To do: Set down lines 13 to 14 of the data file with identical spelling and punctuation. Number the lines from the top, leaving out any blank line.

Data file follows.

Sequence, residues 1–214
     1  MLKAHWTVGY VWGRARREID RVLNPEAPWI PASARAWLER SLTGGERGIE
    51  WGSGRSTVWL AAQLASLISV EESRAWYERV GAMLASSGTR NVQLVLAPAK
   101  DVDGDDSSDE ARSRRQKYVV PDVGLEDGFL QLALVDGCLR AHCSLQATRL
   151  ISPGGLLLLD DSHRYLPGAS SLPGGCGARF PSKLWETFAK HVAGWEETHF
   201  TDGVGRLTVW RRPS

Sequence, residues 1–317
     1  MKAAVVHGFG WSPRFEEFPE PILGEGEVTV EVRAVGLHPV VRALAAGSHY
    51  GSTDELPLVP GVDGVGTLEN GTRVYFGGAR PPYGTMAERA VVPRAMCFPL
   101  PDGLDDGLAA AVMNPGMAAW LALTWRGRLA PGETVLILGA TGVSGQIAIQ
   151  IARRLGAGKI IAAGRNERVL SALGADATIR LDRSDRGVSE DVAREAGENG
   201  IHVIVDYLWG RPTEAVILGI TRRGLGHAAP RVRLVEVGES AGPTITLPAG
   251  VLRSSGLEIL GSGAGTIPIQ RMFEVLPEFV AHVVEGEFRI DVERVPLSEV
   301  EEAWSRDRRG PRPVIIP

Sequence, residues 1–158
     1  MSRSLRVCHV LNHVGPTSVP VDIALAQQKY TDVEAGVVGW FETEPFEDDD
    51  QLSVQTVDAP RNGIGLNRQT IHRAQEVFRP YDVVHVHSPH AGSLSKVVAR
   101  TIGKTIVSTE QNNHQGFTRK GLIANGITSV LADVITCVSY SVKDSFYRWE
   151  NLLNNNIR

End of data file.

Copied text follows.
   251  VLRSSGLEIL GSGAGTIPIQ RMFEVLPEFV AHVVEGEFRI DVERVPLSEV
   301  EEAWSRDRRG PRPVIIP